A three dollar box of corn cereal stays roughly the same price day to day, and week to week. But corn prices can change daily, sometimes by a few cents, sometimes by a lot more. Why does the cost of processed food generally stay quite stable even though the crops that go into them have prices that fluctuate?
It’s partly thanks to the futures market. The futures market allows the people that sell and buy large quantities of corn to insolate you from those changes, without going out of business themselves.
Let’s meet our corn producer. A farmer.
Of course she’s always looking to sell her corn at a high price, and on the other side, our corn user, a cereal company is always looking to buy corn at a low price. Now the farmer has a little bit of a problem, because her whole crop gets harvested at once. Lots and lots of farmers will be harvesting at the same time and the huge supply can send the price falling. And even though that price might be appealing to the company that makes cereal from corn, it doesn’t want to purchase all of it’s corn at once, because among other reasons it would have to pay to store it.
But it’s fortunate that corn can be stored, because that means it can sold and bought throughout the year. And this is where the futures market fits in. Buyers and sellers move bushels around in the market though actually corn rarely changes hands. Instead of buying and selling corn, the farmer and cereal maker buy and sell contracts, now we’re getting closer to peace of mind to both sides because a futures contract provides a hedge against a change in the price. This way neither side is stuck with only whatever the market price is when they want to buy or sell. These contracts can be made at anytime, even before the farmer plants the corn, she’ll use the futures market to sell her anticipated crop at a certain date in the future. Of course she’s not going to sell all of her corn on that contract, just enough corn to re-assure her that a low price at harvest won’t ruin her business, the contract provides that security.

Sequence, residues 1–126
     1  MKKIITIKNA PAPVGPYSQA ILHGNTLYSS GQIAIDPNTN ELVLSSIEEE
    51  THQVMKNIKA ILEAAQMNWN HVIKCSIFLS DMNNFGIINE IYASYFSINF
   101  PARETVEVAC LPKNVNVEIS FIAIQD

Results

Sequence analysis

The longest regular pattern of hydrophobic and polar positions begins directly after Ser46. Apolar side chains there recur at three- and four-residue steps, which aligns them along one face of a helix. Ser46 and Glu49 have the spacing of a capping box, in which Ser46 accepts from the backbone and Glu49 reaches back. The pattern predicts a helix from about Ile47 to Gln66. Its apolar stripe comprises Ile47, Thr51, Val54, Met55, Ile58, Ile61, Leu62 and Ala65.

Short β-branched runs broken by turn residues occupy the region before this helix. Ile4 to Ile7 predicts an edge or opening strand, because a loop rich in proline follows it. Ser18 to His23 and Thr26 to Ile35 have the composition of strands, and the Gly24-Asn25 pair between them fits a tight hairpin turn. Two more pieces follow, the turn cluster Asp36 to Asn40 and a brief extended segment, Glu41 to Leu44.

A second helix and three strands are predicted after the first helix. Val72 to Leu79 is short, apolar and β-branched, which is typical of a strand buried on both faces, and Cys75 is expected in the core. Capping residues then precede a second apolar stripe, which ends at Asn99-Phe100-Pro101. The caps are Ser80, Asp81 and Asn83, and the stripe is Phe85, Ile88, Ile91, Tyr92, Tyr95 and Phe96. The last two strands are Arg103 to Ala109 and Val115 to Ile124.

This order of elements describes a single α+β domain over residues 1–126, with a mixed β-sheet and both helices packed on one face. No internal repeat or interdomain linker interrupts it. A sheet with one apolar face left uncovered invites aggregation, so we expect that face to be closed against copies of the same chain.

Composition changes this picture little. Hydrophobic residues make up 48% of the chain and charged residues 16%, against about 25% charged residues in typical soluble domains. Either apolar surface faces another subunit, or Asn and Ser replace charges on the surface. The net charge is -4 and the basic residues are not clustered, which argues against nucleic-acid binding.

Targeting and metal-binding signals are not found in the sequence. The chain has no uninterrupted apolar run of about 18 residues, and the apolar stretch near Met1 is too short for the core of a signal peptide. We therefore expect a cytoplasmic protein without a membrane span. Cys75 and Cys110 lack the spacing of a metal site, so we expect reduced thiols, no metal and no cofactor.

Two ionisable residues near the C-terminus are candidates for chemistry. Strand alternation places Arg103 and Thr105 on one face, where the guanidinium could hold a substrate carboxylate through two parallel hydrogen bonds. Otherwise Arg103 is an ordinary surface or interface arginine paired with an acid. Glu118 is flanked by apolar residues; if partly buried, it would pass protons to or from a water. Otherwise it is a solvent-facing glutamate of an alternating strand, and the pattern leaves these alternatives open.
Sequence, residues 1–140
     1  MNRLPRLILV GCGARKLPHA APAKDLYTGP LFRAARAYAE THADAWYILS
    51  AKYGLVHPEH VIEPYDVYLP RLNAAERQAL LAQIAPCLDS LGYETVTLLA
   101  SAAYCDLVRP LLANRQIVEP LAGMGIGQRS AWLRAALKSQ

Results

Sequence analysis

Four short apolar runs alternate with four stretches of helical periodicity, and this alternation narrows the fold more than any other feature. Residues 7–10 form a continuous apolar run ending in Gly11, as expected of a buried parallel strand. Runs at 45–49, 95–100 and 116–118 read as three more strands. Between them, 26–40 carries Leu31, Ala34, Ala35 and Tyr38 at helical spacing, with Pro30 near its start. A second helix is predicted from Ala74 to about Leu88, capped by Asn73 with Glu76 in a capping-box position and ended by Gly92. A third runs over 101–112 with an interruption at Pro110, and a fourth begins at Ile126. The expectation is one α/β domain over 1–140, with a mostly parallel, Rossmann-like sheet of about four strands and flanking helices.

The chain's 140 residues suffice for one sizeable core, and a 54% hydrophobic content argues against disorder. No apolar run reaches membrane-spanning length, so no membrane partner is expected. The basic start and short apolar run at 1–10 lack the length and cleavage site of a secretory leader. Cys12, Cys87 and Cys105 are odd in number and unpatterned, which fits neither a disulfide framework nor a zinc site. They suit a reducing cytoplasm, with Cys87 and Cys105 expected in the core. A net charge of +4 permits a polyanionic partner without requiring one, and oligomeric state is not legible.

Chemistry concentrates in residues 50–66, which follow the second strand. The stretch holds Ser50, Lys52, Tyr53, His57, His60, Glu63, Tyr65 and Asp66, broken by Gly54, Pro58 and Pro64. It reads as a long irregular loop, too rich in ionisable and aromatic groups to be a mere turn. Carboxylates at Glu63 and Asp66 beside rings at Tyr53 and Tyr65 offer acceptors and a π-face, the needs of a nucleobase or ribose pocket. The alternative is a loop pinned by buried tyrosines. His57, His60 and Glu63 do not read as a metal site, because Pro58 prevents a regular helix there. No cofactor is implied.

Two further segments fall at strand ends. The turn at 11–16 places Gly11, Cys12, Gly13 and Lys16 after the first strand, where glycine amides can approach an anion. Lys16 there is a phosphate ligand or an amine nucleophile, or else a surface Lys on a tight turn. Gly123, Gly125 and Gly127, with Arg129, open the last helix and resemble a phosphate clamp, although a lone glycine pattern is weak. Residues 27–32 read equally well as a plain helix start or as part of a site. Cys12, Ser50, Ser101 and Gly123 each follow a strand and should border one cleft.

The cereal company uses that same market to buy bushels, their contract protects against a high price later. Contracts will gain or lose money in the futures market, if the price goes high, the farmer loses money on that futures contract, because she’s stuck with it, but that’s okay. Because now she can sell the rest of her corn, what wasn’t in that contract at the higher price, that offsets her loss in the futures market.
If at harvest time, the price of corn is low, well that’s exactly why she entered the futures market. The low price means her contract makes money, so that profit she’ll turn from the sting of the low price she’ll get from the bushels she sells now.
The corn cereal company doesn’t like those higher prices, and that’s why they have a futures contract, they make money on it and they use that profit to cover the higher price of the corn they now need to buy. The futures market serves as a risk management tool, it doesn’t maximize profit, instead it focuses on balance, and in this way it keeps your cereal from breaking your weekly shopping budget.
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